crucifixion 5What you won’t find in this essay: A really clever, insightful thought that combines the three parts of my above subtitle.  I wish I could do it, really.  I wish I were creative enough to analyze the divine, Lacan, and cargo pants in one seamless line of thinking and come up with a brilliant conclusion, but my mind hasn’t gone to those heights (or depths).  Rather, as Michael and I sat down to watch The Crucifixion, which is partially based off real events that happened in Romania in 2004, I had a hodgepodge of thoughts about the film.  My mind wandered from (novice) applications of Lacanian theory to the film, to my own faith, and how the film made me think of it, to early 21st century fashion, and how it deviates just slightly but perceptibly from what we wear almost 15 years later.  To be honest, then, the three things are only connected in the title; I doubt these subjects will connect in the essay.  But after finishing The Crucifixion, I had no idea where to begin writing, and these three elements of the movie came to mind.  That said, I’ll begin this semi-foreboding essay-journey. Continue reading “Watching “The Crucifixion”: Thoughts about Lacan, Divinity, and Cargo Pants”

Watching “The Crucifixion”: Thoughts about Lacan, Divinity, and Cargo Pants

Cruisin’ With Christine: Attack of the Monster Car

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Christine before the fix-up

A few nights ago, I decided to enjoy a little casual viewing of a horror classic.  Christine, the story of the monster car, is a horror staple that, with a well-written script and believable characters, delivers ample entertainment without ever really terrifying the viewer—at least, if the viewer is me.  Because Christine doesn’t situate itself in the realm of the typical horror movie, rife with ghouls and vampires and traditional monsters of all sorts.  Christine – if you don’t know this, and you probably do – is about a vicious, killer car with unusual superpowers.  I chose the film, as I’ve insinuated, because I think it’s a fun watch for a low-key night – nothing as scary, say, as watching Sinister.  And unsurprisingly, as I watched the film, a few thoughts came to mind that made me ponder. Continue reading “Cruisin’ With Christine: Attack of the Monster Car”

Cruisin’ With Christine: Attack of the Monster Car

 Questions of Progress: Scary Sci-Fi Hits and the Sacrificial Human Body

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The Doctor and Madame de Pompadour

Well, it happened.  I finally sat down to watch an episode of Doctor Who –an episode that Michael promised me was horrific enough to write about for my blog.  And he was correct about that. The episode under examination, “The Girl in the Fireplace,” was at least moderately unnerving—I’ve seen scarier, of course, but it was pretty unsettling—but what excited me the most about the episode was the connection to other science fiction classics it provoked.  I have become interested, to that end, in a prevalent motif that I see in contemporary/semi-contemporary science fiction: the fear of sacrificial embodiment.  So what exactly do I mean by that?  In a lot of contemporary science fiction, we’re afraid that our physical bodies will be sacrificed as vehicles to further technological progress.  Underlying that fear, I think, is a perceived incongruence between the so-called “natural” body and the man-made technology that runs off it.  But, to further explain my point, let me delve into three science fiction works that elucidate it: Doctor Who’s “The Girl in the Fire Place,” the popular classic The Matrix, and Black Mirror’s “Fifteen Million Merits.”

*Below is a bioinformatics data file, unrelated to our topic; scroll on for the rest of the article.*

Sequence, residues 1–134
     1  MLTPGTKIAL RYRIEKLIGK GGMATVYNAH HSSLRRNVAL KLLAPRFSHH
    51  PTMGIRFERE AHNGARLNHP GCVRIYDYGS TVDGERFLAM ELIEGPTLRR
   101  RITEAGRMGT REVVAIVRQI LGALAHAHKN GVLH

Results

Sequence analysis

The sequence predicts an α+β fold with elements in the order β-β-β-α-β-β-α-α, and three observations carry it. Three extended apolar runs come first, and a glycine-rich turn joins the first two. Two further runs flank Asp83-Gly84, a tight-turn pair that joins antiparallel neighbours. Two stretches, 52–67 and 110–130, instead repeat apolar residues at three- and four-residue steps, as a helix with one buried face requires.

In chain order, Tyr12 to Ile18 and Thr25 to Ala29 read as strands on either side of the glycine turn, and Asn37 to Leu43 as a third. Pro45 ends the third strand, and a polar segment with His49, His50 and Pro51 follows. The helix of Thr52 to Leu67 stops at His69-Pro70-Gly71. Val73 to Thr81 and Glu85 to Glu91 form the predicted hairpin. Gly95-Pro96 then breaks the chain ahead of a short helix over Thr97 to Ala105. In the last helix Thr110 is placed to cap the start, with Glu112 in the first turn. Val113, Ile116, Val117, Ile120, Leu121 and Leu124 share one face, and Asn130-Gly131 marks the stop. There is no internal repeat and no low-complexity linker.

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 Questions of Progress: Scary Sci-Fi Hits and the Sacrificial Human Body

F.N.V. Reminiscences: Music of My Early 20’s


Houston Skyline during late afternoon looking east

On my blog, Just Dread-Full, I’m adamantly open and enthusiastic about my love for all things (or most things) horror.  Indeed, this passion is foregrounded so much that it often eclipses my other loves in life – a reason why I started another blog a few years ago, one I didn’t have time to follow through with and for which I ultimately stopped writing.  One of those passions that I don’t frequently share on the horror-centered Just Dread-full is my love for music – and my interest in what I would consider a wide variety of music.

Continue reading “F.N.V. Reminiscences: Music of My Early 20’s”

F.N.V. Reminiscences: Music of My Early 20’s

“Baby I was Born That Way”: Depicting Marjorie Diehl-Armstrong in “Evil Genius” as Bad-Since-Birth.

Diehl Armstrong 2Well, like I said in my last post, yesterday, Michael and I started watching Netflix’s “Evil Genius” series about the bizarre pizza bomber case in Erie, PA.  And, riveted as we were to the story, Michael and I finished the series already.  In my last post, I predicted that Marjorie-Diehl Armstrong would be humanized by the documentary during the second half.  And while the documentary interviews people who saw a human side of Marjorie in the courtroom of her trial, I would argue that the documentary, itself, didn’t do much to humanize her.  In fact, I think the interview clips that were pieced together did a lot to suggest that Diehl-Armstrong was innately bad, and that maybe she’d always had at least a strong proclivity to be that way.  This really interests me, because it flies in the face of what I think I know about human beings, and the existence of evil in the world.  It’s also just a dangerous road to travel down: what can we do to someone when we label them “evil from birth?”  These are some questions this post will consider. Continue reading ““Baby I was Born That Way”: Depicting Marjorie Diehl-Armstrong in “Evil Genius” as Bad-Since-Birth.”

“Baby I was Born That Way”: Depicting Marjorie Diehl-Armstrong in “Evil Genius” as Bad-Since-Birth.